Hackers Exploit Recently Disclosed Microsoft Office Bug to Backdoor PCs
A recently disclosed severe 17-year-old vulnerability in Microsoft Office that lets hackers install malware on targeted computers without user interaction is now being exploited in the wild to distribute a backdoor malware.
First spotted by researchers at security firm Fortinet, the malware has been dubbed Cobalt because it uses a component from a powerful and legitimate penetration testing tool, called Cobalt Strike.
Cobalt Strike is a form of software developed for Red Team Operations and Adversary Simulations for accessing covert channels of a system.
The vulnerability (CVE-2017-11882) that Cobalt malware utilizes to deliver the backdoor is a memory-corruption issue that allows unauthenticated, remote attackers to execute malicious code on the targeted system when opened a malicious file and potentially take full control over it.
This vulnerability impacts all versions of Microsoft Office and Windows operating system, though Microsoft has already released a patch update to address the issue.
Since cybercriminals are quite quick in taking advantage of newly disclosed vulnerabilities, the threat actors started delivering Cobalt malware using the CVE-2017-11882 exploit via spam just a few days after its disclosure.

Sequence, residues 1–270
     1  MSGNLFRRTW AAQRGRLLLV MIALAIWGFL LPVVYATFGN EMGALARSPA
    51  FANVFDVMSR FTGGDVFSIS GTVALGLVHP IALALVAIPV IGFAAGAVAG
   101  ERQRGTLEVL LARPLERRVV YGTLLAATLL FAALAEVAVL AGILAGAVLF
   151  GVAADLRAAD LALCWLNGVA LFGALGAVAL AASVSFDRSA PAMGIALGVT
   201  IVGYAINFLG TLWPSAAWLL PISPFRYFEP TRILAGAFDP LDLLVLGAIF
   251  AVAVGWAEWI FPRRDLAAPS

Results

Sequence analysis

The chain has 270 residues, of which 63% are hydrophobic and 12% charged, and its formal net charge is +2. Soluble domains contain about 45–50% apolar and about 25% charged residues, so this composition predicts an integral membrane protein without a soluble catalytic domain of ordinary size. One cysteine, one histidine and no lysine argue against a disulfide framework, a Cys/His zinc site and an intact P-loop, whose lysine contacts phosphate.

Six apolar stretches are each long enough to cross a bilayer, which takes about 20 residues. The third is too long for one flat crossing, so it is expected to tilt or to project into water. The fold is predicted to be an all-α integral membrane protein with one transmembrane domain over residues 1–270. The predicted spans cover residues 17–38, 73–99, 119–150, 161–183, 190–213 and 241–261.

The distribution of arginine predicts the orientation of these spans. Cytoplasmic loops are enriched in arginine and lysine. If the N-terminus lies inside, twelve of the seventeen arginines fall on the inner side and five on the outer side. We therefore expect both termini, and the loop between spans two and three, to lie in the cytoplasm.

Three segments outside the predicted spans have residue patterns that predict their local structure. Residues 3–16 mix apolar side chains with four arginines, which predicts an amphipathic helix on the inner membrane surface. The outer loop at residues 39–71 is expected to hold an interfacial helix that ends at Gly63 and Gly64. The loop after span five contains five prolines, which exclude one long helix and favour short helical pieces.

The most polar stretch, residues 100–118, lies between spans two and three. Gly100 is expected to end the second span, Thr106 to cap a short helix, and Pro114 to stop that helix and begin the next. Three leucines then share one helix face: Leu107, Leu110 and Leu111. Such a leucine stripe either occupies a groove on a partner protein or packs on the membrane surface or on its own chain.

According to Fortinet researchers, the Cobalt malware is delivered through spam emails, which disguised as a notification from Visa regarding rule changes in Russia, with an attachment that includes a malicious RTF document, as shown.
The email also contains a password-protected archive with login credentials provided in the email to unlock it in order to trick victims into believing that the email came from the legitimate financial service.
"This is [also] to prevent auto-analysis systems from extracting the malicious files for sandboxing and detection," Fortinet researchers Jasper Manual and Joie Salvio wrote.
"Since a copy of the malicious document is out in the open... so it's possible that this is only to trick the user into thinking that securities are in place, which is something one would expect in an email from a widely used financial service."
Once the document is opened, the user has displayed a plain document with the words "Enable Editing." However, a PowerShell script silently executes in the background, which eventually downloads a Cobalt Strike client to take control of the victim's machine.
With control of the victim's system, hackers can "initiate lateral movement procedures in the network by executing a wide array of commands," the researchers said.
According to the researchers, cybercriminals are always in look for such vulnerabilities to exploit them for their malware campaigns, and due to ignoring software updates, a significant number of users out there left their systems unpatched, making them vulnerable to such attacks.
The best way to protect your computer against the Cobalt malware attack is to download the patch for the CVE-2017-11882 vulnerability and update your systems immediately.